The Conceptualisation and Measurement of Socio-Cybernetic Forces
As has been mentioned, one outcome of Prof. Raven’s research has been the realisation that it is necessary to “turn psychology inside out” in a manner analogous to the way in which Newton turned physics inside out. Newton “de-animated” explanations of movement. No longer was it attributed to the internal properties of the object or to the whims of the gods.
In a similar way, we need to de-animate explanations of behaviour in psychology.
No longer are we to attribute most of the behaviour of teachers, public servants and politicians to their personal properties. Most of what they do is attributable to the systems forces which act upon them. Indeed, it turns out that, despite what was said in relation to some of the research programmes mentioned earlier, much of the variance in performance of occupational roles is to be explained in this way.
It is relatively easy to construct a systemogram illustrating the interacting and supporting nature of such forces (although the choice of which variables to include and exclude and the way in which the map is to be laid out in such a way as to highlight the most important issues which emerge is much more difficult).
Illustrative material will be found in Conceptualising, Mapping and Measuring Social Forces and The Development and Use of maps of Socio-Cybernetic Systems to Improve Educational and Social Policy, with particular reference to sustainability. Although the links can be shown in a systemogram, the real problem is to weight them in such a way as to indicate their relative strength or importance. When this has been done one would have something which could more legitimately be described as a socio-cybernetic diagram
In Newtonian physics, the actual strength of the multiple forces acting on a sailing boat can be measured and plotted as vectors on a diagram of forces. The overall effect of this network of forces can then be calculated to accurately predict the direction and strength of movement. See Appendix to Conceptualising, Mapping and Measuring Social Forces for an illustration.
Other illustrations of what is to be achieved will be found in the circuitry of the networks of connections in electronic cybernetic (control) systems.
Yet in what appears to be the closest approximation to what seems to need to be done to map socio-cybernetic forces, ie the work of Jay Forrester (see Conceptualising, Mapping and Measuring Social Forces, no attempt was actually made to measure any forces which might have been involved.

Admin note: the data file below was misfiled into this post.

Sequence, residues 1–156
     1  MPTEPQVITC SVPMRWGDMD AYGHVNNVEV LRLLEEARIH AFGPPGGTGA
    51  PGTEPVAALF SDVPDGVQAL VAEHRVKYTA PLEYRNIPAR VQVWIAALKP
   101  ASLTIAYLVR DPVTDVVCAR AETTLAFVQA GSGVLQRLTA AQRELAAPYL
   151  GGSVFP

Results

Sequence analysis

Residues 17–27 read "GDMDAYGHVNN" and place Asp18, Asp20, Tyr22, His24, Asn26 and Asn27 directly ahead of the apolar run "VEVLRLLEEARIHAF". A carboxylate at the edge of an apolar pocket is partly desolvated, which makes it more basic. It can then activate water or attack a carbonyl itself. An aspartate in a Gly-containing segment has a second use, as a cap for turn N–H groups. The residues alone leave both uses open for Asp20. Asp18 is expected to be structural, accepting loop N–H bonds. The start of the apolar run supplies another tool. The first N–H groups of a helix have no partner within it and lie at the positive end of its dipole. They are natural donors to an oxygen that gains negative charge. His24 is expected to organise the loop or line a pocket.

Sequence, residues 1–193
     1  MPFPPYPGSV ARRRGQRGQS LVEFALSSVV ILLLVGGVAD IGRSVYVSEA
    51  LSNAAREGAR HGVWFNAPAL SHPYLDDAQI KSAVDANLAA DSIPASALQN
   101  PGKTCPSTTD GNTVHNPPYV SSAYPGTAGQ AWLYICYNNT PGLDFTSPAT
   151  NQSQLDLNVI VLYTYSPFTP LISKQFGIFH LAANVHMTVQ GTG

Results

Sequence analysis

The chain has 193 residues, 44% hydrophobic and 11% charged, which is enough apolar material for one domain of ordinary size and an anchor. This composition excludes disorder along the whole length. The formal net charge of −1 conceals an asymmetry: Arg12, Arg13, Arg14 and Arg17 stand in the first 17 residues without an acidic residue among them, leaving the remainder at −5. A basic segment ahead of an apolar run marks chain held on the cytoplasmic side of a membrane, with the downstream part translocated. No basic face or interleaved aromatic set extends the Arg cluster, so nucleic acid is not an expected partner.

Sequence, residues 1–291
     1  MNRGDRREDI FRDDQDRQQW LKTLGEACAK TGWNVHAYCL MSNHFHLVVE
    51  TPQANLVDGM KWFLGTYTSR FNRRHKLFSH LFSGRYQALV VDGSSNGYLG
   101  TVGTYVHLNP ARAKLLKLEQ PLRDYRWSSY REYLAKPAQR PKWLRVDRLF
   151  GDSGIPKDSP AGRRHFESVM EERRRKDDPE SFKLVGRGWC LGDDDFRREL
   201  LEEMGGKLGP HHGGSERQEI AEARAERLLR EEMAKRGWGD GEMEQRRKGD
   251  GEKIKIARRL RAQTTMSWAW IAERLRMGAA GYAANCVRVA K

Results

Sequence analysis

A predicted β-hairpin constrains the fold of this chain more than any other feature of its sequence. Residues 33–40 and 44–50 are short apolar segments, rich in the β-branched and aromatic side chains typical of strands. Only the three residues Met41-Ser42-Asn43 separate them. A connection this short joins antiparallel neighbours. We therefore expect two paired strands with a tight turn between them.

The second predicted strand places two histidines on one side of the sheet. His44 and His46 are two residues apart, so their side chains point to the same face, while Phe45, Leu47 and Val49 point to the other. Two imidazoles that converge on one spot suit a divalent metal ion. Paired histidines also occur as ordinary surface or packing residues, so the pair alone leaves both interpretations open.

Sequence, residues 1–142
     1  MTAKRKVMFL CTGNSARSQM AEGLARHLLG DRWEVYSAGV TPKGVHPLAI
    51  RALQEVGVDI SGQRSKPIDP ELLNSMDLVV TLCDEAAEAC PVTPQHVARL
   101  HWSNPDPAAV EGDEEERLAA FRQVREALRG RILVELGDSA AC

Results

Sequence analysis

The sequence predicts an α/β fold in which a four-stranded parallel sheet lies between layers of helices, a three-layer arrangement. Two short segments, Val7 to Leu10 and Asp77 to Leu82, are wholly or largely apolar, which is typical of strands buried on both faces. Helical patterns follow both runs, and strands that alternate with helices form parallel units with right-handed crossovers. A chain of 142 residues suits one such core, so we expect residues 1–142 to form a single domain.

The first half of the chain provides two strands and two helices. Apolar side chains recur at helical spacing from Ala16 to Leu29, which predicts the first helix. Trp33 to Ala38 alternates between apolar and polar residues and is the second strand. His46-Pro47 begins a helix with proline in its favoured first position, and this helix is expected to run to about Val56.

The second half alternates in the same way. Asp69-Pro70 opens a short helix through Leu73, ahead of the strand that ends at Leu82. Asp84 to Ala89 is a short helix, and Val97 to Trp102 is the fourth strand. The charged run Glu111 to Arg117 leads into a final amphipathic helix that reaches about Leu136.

Instead, attention focussed on measuring the inputs and outcomes – rates of depletion of physical or animal resources, increases in particle content in the atmosphere, rise or decline in infectious diseases, population, etc. The impacts of each of these on all of the others could then be calculated … or at least the correlations between them assessed.
In Raven’s opinion, ways will be found to do one or other of these things if the task of transforming systemogram 20.6 in The New Wealth of Nations into a genuine socio-cybernetic diagram taken seriously.
The task is of inestimable importance to the future of humankind.
The distinctly “unsophisticated” first steps that need to be taken toward conceptualising and measuring forces which were in the process of conceptualisation can be illustrated from the work of Newton and Faraday. The way in which Newton initially measured “force” in the wind has already been described. Faraday likewise “measured” the strength of an electric current by observing the distance his elbow jumped in various conditions.
In both cases what occurred was a distinctly cyclical process of measurement and conceptualisation and the same can be expected in the domain of socio-cybernetics.
And it is not entirely irrelevant to remark that one can sense the strength of various social forces acting upon one.
In closing, it is perhaps important to reiterate that the way forward being suggested here differs markedly from attempts to explain social behaviour in terms of the “power” of the actors. It is often claimed that we are at the mercy of powerful politicians or bankers. Such statements well illustrate the power of animistic explanations. The argument here is that the power of these “gods” is precisely what has to be explained. What are the systems processes which consistently lead to the selection, promotion, and appointment of people who consistently drive society in a particular direction – ie toward hierarchy enacted through the continuous creation of senseless work? The point being made here - i.e. the need to genertae systemic explanations of social behaviour instead of resorting to "explanations" in terms of schemes of evil people or groups - can be illustrated at the opposite end of the scale where it is more difficult to explain such things as the way in which the seats of school pupils once labelled as having "special educational needs" do not remain empty but are immediately filled by other pupils. Clearly,what is happening is being determined by the system itself, not by the characteristics of the individuals within it. The Question is "How is this stratification - with all its undesirable and destructive consequences - maintained despite changes in the personnel occupying various positions in the hierachy?"